Lothar Machtan, the German historian and gossip who does most of the heavy breathing in The Hidden Führer: Debating the Enigma of Hitler’s Sexuality (April 20; 7 to 8:30 p.m.; Cinemax), would have us believe that Adolf was gay and perpetrated what is described here as “the worst anti-gay persecutions in history” only to cover up his guilty secret. All the evidence—his close boyhood friends; his intense interest in art and opera; his bohemian neighborhood in Vienna; rumors of paying men for sex; the “homoerotic life in the trenches” of World War I; “heroic male bonding” in the Wandervogel movement; Ernst Rohm and the S.A.; Nazi uniforms; Nazi architecture; and the leather-fetish films of Leni Riefenstahl—supports the thesis of a fire in the closet.
Nobody’s saying that just because you’re gay, you can’t be a bad person. After all, there was Roy Cohn. On the other hand, almost nobody else interviewed on camera agrees with Machtan either, certainly not Michael Bronski or Rudiger Lautman (although it’s hard to tell from brief remarks by Martin Duberman and Michelangelo Signorile what they think about the larger issue). The evidence cited is often risible. If there’s nothing damning in the police files, it proves they must have been purged! Liking Wagner means you’re gay! Monumental master-building is manifestly swishy! And Machtan is so in love with his smarmy self, as well as his accusation of what he obviously feels is something perverse, I wouldn’t trust him in the same room with G.I. Joe or Barbie. As much accuse Hitler of being secretly Jewish, and the Holocaust a cover-up. Or blame genocide on vegetarianism.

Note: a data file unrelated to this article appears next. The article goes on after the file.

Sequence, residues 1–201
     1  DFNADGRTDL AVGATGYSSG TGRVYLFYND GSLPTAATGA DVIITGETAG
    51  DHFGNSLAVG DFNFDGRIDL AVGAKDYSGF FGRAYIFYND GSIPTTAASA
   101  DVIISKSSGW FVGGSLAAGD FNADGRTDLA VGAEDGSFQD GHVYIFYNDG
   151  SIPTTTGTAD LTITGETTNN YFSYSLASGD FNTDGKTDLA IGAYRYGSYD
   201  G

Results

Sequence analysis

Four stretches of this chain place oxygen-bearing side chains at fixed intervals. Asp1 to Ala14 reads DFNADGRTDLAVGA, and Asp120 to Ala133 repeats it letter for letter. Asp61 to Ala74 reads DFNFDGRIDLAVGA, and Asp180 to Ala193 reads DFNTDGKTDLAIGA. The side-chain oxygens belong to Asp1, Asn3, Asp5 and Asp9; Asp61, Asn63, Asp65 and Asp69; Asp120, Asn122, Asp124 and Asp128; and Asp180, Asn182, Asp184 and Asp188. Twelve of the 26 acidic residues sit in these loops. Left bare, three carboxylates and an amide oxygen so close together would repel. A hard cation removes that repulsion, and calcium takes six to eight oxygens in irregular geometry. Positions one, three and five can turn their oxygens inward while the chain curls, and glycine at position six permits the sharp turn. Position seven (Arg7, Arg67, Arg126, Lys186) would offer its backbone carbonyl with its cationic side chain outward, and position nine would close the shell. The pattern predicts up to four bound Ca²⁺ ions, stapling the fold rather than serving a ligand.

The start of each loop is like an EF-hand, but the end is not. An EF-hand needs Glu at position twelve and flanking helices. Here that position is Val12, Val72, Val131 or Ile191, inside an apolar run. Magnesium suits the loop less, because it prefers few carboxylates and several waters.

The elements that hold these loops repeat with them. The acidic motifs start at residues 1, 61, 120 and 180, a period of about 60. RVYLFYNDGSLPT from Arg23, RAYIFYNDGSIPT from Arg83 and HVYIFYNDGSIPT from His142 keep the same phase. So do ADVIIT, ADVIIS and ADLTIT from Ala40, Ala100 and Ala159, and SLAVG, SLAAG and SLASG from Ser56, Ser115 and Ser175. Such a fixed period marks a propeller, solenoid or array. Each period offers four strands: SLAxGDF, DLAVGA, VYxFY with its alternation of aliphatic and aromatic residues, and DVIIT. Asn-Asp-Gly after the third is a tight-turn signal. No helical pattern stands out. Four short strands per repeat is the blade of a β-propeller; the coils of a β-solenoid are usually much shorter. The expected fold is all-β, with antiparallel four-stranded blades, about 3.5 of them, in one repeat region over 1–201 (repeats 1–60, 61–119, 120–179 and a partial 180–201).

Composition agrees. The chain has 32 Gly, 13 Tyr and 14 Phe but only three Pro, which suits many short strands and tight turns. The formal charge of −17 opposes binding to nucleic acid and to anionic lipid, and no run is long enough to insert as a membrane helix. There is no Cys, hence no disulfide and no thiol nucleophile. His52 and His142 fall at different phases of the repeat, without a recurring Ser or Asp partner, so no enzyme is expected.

Immediately following The Hidden Führer is a more persuasive flashback, Blind Spot: Hitler’s Secretary (April 20; 8:30 to 10 p.m.; Cinemax), in which Traudl Junge, who was 22 years old when she went to work as the dictator’s private secretary in 1942, looks back and deplores her own naïveté: “I actually liked him.” This is the opposite of Hidden, which seeks to smear the blame around. Junge won’t forgive herself for ignoring signals she acknowledges having heard in passing. She took down Hitler’s last will and testament in shorthand; he was still blaming the Jews. “Blind spot” refers to many other things besides what she didn’t allow herself to see at the time and their situation underground in the bunker as the war was being lost (“life outside”). “It’s no excuse to be young,” she says. She complicates our understanding, instead of insulting it.